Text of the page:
3. Kudos to all for great pictures, so beautiful. I laughed out loud at the tired horse and startled my bird. What an actor! The color of the show horse’s coat is just amazing. I’ve a feral cat that comes daily to supervise my gardening. They’re aloof, but wanting that face time with humans, I guess. As always, thanks so much for sharing your holiday time with us.

  4. I look for your post, before checking any of my emails. I haven’t ridden horses in decades- the last time, my horse’s rear legs slipped on a rocky path going downhill. That put me off doing it again. Your riding sounds divine- and that stallion is magnificent.

  5. Another lovely travelogue – thank you. The glasses in the bar that are out of reach – don’t they need to use them for drinks? Is there a way to lower them? It’s a puzzle. The horse ride sound wonderful. I think Kat’s horse probably thought, “Home at last! Enough of this exercise!”

  6. Loved the horses. Last time I was on a horse I was 13, and the horse went up and I went downhill.

  7. I think you have a fan club of ants! Lol! Beautiful scenery again. And love the picture of the tired horse at the end of the ride. You’re having a wonderful time. Making so many memories.

  8. Love the photo of BW by Kat! So funny and cute. The nail art is beautiful. I love all the #RandomKatness . Kat seems awesome, like someone you would love to have as a bestie, someone to take on adventures!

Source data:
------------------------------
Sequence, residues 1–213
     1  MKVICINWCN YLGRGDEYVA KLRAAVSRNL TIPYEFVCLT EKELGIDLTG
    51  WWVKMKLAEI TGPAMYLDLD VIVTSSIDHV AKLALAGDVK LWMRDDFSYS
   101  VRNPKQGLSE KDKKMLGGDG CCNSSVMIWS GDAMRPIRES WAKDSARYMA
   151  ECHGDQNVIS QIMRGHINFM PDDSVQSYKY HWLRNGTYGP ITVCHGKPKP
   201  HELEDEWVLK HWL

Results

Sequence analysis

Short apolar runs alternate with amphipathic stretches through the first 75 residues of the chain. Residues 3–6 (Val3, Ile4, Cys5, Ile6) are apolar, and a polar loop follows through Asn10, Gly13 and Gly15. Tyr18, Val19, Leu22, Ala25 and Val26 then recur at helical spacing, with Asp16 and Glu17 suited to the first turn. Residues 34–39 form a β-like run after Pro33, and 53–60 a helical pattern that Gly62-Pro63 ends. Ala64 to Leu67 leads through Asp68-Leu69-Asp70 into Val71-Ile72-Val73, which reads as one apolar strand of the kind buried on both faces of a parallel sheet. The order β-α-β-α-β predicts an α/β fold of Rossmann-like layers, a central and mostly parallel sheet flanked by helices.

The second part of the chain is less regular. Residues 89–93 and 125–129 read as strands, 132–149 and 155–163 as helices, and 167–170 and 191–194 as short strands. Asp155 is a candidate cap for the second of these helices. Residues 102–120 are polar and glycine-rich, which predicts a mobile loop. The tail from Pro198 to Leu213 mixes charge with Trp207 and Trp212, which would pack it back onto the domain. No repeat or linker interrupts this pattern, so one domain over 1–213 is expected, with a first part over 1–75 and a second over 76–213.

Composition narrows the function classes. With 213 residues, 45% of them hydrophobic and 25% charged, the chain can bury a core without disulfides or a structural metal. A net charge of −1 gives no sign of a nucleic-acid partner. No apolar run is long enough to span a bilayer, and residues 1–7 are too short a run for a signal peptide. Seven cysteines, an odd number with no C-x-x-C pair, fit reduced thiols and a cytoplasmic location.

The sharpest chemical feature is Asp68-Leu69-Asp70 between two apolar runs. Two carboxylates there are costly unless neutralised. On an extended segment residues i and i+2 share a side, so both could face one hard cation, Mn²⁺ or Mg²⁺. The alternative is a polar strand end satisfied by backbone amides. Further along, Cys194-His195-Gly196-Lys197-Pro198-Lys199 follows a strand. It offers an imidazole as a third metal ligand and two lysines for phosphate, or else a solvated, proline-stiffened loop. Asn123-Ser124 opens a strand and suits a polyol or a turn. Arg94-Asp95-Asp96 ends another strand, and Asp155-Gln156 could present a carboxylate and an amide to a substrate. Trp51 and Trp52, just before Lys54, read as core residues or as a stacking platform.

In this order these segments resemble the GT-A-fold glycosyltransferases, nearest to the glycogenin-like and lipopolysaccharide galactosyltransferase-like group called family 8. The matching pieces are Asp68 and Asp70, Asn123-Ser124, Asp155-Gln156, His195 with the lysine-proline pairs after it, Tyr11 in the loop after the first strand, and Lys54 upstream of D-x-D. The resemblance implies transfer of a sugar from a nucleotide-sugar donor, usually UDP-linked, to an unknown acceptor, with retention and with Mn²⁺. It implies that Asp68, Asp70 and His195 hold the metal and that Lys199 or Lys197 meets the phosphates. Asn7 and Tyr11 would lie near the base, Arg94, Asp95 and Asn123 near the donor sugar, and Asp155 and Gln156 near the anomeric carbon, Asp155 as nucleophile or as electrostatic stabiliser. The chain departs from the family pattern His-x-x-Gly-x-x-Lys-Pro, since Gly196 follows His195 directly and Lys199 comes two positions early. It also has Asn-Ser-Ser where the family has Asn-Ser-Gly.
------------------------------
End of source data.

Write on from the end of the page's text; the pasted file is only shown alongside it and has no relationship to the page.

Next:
9. Thanks for all wonderful pictures and travelogue. I loved the picture of the blanket flower. I grow them in my garden here in South Dakota.

  10. Spanish horses, forest, and quiet. Sounds like a perfect day.
    I love Kats horse at the end.

  11. Wonderful travelogue! I enjoy following you all on your adventures!! 🏇🐎🐴. Stay safe😀

  12. Awesome, just awesome. Have you gone riding in Ireland yet? We didn’t when we went but my doctor did when she went and said it was as amazing and magical as you can imagine.

    When we first got our horses 20-some years ago oh how I remember the sore butt! Had to work up to going horse camping with friends and riding all day every day. And that was on Tennessee Walkers, gaited horses with, thankfully, no trot. (If you haven’t tried one of those you really must one day!) I spent all my young life on quarter horses (Texan) but after riding a gaited horse will never ride any other – it’s a completely different and more comfortable experience.

    …and my thoughts when camping and riding in the mountains and streams of southwest Virginia were just like yours, thinking of the cowboys and families and wagons that traveled miles and miles as their only means of travel. Some from here to California. Wows me every time.